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AEGEAN ISLANDS

Archaeological site of Gyroula

The valley around the hill south of the village Sangri was since the antiquity full of rural settlements, whose inhabitants developed around the 8th century B.C. the cult of chthonic deities (Demeter and Persephone), in order to ensure the fertility of the land. In 530 B.C., in the period of Lygdamis tyranny a glorious marble temple was built here. The Ionic two-aisled temple is the precursor of the classical Attic architecture, which a century later offered humanity the Parthenon. Around it there used to be a complex of oil and wine production facilities and pottery workshops that operated until the 8th century A.D.

In the very first years of Christianity, the archaic temple became Christian. In the 6th century, during the reign of Justinian, the place of the archaic temple was taken by a three-aisled basilica, in which the temple’s architectural parts were perfectly integrated. The sanctuary and the baptistery were built in the eastern side.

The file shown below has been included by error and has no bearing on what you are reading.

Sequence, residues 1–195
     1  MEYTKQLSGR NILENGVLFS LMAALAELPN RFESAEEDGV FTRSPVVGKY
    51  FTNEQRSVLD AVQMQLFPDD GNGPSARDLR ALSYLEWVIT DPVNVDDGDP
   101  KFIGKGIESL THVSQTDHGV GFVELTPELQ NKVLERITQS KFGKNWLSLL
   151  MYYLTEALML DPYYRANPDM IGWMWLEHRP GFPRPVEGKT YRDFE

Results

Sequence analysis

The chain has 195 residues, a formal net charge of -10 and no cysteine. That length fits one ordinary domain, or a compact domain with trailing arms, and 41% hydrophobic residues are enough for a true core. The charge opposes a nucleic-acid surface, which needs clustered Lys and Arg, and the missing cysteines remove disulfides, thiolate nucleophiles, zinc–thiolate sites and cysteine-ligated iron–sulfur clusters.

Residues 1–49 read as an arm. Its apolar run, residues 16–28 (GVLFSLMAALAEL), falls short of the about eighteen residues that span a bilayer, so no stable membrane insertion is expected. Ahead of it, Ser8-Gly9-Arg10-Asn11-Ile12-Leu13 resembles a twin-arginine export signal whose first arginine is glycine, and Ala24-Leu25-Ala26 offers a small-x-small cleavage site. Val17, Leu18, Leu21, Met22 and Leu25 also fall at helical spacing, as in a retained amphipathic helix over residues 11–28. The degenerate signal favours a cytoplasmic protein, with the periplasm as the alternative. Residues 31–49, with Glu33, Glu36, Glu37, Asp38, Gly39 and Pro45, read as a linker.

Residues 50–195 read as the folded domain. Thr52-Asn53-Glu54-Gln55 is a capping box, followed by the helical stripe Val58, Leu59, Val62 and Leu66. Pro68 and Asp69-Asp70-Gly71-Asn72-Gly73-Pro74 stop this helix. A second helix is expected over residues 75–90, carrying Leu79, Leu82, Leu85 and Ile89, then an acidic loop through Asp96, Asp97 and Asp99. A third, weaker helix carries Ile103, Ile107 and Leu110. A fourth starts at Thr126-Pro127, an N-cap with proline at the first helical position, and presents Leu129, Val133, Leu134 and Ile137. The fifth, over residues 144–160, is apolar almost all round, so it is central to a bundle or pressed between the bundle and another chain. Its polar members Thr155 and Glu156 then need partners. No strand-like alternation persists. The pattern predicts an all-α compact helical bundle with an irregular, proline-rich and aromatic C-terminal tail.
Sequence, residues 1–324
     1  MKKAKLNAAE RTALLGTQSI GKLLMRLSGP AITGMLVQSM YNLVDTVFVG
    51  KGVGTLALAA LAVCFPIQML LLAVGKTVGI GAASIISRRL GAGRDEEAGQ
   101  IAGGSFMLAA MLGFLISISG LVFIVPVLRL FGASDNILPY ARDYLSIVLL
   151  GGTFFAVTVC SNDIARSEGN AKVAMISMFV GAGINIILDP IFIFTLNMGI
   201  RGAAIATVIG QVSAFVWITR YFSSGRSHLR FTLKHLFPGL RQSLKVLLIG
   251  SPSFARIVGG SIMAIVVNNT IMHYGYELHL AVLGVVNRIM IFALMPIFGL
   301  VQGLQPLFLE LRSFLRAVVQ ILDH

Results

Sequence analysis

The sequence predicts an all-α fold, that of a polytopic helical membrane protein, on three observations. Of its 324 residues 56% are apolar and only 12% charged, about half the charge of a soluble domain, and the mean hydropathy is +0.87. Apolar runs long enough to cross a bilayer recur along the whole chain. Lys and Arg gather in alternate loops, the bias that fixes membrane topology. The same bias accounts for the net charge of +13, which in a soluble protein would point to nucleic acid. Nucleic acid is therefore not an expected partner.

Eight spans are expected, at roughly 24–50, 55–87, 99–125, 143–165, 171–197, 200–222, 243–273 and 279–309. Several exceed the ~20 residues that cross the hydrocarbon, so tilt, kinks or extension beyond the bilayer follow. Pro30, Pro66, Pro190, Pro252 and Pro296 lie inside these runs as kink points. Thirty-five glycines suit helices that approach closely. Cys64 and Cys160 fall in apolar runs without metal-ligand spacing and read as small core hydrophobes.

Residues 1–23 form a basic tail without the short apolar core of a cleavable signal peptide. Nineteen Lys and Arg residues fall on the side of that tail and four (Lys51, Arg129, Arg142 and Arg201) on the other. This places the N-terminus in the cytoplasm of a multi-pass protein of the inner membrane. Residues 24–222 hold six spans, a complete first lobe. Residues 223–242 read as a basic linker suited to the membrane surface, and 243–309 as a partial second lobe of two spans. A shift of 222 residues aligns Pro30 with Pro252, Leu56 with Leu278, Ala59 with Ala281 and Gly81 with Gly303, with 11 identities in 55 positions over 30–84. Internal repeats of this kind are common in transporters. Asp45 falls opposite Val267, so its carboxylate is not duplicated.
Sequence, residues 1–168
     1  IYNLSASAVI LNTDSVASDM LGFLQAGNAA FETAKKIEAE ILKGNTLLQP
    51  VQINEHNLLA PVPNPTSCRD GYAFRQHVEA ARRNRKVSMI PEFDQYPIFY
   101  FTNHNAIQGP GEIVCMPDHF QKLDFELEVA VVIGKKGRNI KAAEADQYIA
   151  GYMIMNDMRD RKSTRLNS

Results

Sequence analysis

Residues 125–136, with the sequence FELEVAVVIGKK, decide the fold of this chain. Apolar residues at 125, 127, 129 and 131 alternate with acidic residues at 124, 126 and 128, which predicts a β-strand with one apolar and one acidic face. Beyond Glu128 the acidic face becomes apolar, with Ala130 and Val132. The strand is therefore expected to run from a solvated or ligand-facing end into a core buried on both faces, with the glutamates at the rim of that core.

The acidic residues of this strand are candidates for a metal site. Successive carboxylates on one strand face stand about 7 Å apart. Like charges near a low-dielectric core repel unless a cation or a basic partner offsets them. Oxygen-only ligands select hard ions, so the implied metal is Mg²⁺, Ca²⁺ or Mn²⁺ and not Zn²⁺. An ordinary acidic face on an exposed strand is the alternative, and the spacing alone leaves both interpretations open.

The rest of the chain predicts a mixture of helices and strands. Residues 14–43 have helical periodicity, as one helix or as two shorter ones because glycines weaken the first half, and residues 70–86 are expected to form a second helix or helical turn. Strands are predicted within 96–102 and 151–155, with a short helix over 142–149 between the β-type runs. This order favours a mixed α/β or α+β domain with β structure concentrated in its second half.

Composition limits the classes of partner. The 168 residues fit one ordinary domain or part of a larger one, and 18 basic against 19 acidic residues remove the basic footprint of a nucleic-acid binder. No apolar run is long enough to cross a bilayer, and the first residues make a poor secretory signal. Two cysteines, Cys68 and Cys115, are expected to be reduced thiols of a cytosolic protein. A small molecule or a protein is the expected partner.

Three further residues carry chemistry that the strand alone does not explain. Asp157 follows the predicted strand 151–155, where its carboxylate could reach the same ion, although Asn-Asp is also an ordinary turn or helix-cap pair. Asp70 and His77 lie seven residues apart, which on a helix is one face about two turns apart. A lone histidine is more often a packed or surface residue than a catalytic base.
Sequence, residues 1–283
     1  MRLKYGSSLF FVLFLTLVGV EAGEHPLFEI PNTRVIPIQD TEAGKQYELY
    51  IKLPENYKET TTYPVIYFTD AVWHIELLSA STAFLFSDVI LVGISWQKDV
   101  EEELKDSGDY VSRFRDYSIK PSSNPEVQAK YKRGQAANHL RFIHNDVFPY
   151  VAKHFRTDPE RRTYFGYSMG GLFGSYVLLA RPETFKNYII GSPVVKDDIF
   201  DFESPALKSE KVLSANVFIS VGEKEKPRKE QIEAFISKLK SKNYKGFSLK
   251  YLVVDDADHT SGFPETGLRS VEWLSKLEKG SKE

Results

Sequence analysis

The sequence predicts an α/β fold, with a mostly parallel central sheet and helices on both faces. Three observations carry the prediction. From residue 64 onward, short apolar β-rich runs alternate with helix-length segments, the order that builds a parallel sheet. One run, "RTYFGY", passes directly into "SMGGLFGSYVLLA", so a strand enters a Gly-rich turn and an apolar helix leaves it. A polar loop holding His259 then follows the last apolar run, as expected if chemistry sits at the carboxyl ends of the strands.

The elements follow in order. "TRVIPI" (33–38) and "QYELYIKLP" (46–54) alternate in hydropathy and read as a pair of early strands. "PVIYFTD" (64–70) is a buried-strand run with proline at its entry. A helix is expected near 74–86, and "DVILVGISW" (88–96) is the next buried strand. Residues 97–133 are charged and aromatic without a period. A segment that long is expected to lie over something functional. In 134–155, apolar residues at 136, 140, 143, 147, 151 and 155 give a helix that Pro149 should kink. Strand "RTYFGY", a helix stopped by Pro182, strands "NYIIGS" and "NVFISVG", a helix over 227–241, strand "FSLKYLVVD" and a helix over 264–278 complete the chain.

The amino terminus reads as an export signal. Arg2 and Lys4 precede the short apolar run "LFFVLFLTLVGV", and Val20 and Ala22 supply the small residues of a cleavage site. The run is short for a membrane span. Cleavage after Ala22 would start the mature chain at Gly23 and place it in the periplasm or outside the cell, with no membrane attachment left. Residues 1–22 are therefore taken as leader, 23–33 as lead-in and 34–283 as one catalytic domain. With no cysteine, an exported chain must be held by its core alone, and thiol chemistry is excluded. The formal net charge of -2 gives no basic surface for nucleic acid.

In the archaeological site there has been a wonderful landscaping. A paved path leads to the ancient temple and the small archaeological museum that hosts findings from the ancient temple of Demeter, architectural fragments of sculptures, marble votives etc. In a wing of the temple there is a representation of the three-aisled old Christian basilica.

Info

Open 08:30-15:00, Monday closed

Tel.: +30 22850 32591  

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My Aegean
EU
Co-financed by Greece and the European Union - European Regional Development Fund
ESPA